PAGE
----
6 things you should know before doing a commercial property let

commercial property let

6 vital things you should know before you do a Commercial Property Let

Letting commercial property should be simple.  You have a premises.  You contact the letting agent. He puts up the letting board and draws up the Letting Particulars and that’s it job done. However, there are many things you need to know before you can carry out your commercial property let in the UK.

1. Energy Performance Certificates

It is a legal requirement that the landlord produces at his expense an energy performance certificate showing the energy efficiency of the building that is being let.  Commercial EPC’s are much more expensive than residential.  Whereas a residential EPC might cost £45, a commercial EPC could be as much as £300 to £400 depending on the size of the property. It is Trading Standards who enforce the regulations relating to EPCs and fines have been levied for landlords who have not obtained an EPC before letting.   Complaints might be lodged by a disgruntled potential tenant who was outbid by another tenant, for example.  So this really is not something you can ignore when undertaking your commercial property let.

2. Asbestos Surveys

It is also a legal requirement that all landowners and occupiers of commercial property carry out an asbestos survey to identify whether the property contains any asbestos and if it does to prepare a written management report either setting out the proposals for removal of the asbestos or the way to minimise the risk of the asbestos being disturbed and therefore causing potential risk to health of the people working in the building.

3. Land Registry Compliant Plans

If the lease you are granting is over 7 years then it must be registered at the Land Registry or the tenant will not have good title to the leasehold property which would cause problems on remortgaging or assigning or sub-letting the lease.   If the Lease has to be registered the Land Registry will reject the application for registration unless it is accompanied by a Land Registry-compliant plan.  In order to be Land Registry compliant, the Lease must be to scale and a scale that the Land Registry will accept.  1:500 is usually used but 1:250 is also acceptable. The plan must have a north point and it must be contain sufficient identifying features so that it can be plotted on the Land Registry Filed Plan such as adjoining or neighbouring properties, roads etc.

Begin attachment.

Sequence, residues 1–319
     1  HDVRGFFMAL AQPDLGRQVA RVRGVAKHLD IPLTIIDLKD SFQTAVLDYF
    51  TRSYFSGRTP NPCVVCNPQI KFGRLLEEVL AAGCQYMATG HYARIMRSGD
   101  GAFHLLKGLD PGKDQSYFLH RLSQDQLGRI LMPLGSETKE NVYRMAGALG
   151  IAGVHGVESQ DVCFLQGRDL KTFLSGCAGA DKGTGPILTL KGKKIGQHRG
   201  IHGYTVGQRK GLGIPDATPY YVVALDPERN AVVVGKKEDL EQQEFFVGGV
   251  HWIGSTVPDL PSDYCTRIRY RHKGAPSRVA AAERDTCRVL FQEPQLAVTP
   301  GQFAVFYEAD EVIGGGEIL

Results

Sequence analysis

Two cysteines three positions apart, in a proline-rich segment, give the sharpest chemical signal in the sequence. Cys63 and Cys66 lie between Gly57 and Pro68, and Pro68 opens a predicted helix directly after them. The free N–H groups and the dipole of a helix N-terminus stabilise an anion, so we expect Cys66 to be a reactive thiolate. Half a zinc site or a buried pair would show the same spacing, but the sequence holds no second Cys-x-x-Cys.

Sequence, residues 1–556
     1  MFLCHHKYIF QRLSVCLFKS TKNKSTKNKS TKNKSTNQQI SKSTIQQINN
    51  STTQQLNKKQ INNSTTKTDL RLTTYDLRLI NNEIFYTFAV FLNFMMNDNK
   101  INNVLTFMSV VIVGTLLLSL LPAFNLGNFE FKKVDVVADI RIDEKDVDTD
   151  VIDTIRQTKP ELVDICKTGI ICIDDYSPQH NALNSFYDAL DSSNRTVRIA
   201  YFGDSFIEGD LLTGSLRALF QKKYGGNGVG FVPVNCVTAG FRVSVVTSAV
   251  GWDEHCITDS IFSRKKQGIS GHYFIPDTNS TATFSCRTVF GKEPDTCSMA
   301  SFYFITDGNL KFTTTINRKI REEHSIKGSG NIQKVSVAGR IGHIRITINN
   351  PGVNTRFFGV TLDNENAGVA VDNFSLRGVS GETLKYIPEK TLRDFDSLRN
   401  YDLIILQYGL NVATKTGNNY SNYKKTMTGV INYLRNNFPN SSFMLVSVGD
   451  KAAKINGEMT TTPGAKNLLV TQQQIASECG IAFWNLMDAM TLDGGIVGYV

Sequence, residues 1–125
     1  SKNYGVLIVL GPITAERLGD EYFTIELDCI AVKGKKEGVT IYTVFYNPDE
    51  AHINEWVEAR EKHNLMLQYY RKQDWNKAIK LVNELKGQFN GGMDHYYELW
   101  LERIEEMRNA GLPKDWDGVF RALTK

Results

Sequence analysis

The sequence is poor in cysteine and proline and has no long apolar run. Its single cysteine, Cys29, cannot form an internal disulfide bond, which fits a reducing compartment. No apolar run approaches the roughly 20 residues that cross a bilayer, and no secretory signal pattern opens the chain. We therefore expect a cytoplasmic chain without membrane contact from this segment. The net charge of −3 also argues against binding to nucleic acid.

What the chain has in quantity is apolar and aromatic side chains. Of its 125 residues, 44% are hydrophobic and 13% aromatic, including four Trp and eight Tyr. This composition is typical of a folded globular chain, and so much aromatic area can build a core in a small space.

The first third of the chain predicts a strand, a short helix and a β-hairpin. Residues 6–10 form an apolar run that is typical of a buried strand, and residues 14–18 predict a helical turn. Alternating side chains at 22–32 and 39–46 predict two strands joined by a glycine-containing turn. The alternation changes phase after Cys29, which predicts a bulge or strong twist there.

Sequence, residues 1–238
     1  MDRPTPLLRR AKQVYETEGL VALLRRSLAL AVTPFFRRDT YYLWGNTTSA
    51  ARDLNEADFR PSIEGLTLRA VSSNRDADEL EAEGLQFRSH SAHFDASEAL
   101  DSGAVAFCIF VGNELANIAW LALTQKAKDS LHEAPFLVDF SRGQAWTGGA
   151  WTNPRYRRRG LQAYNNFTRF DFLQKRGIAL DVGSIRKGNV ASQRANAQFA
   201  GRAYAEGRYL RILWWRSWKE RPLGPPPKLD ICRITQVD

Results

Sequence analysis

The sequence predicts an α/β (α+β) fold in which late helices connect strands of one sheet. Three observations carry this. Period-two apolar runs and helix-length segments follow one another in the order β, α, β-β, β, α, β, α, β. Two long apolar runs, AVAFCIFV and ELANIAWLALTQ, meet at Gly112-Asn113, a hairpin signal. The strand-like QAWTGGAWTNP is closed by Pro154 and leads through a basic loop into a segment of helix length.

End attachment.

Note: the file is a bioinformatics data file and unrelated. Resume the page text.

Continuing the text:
4. Landlord’s Enabling Works

Will it be necessary for the landlord to carry out any works in order to let the building?  Will you have to put in toilets and kitchen facilities?  Will you have to allocate parking spaces?  Will the tenant need cycle racks or shower facilities?   All of these features could potentially be the difference between a tenant choosing your building over another building.  Some tenants will require assistance with their fitting out and if you have the expertise or know good contractors and can be better for the Landlord to carry out these works prior to granting the lease.

5. Disability Discrimination Act

If you are letting your building to a tenant who will be open to members of the public, it is a legal requirement that you assess the needs of persons who may use the building with disabilities and take reasonable steps to enable all persons free access to the building.   Now if the building has been recently refurbished, the planning permission and building regulation approvals will have addressed the issues of access for disabled persons.   The lease will impose a requirement on the tenant to comply with all statutes and that would include the Disability Discrimination Act.  So if your tenant has to modify the building and applies to you as landlord for consent, you must not unreasonably withhold consent to an application for the tenant.  Of course, it may be that you as landlord are going to have modify the common parts, hallways, access ramps to the building if these are outside of the tenant’s premises.

6.  Rent Deposit/Personal Guarantees

When you find a tenant, the letting agent will start to take up references and request the last 3 year audited accounts for the proposed tenant (if they are an existing business).   Landlords often ask for personal guarantees and rent deposits but this is a bit unreasonable.  If the tenant is offering a decent rent deposit of say 6 months then it would normally be unreasonable to ask for a personal guarantee as well.  It is either / or.   If you are taking a personal guarantee, then you should do some due diligence on the person giving the guarantee (credit checks/bankrupcty search).

Leave a Reply

Dominic Beeton, Solicitor
Get Discount
  • An error has occurred; the feed is probably down. Try again later.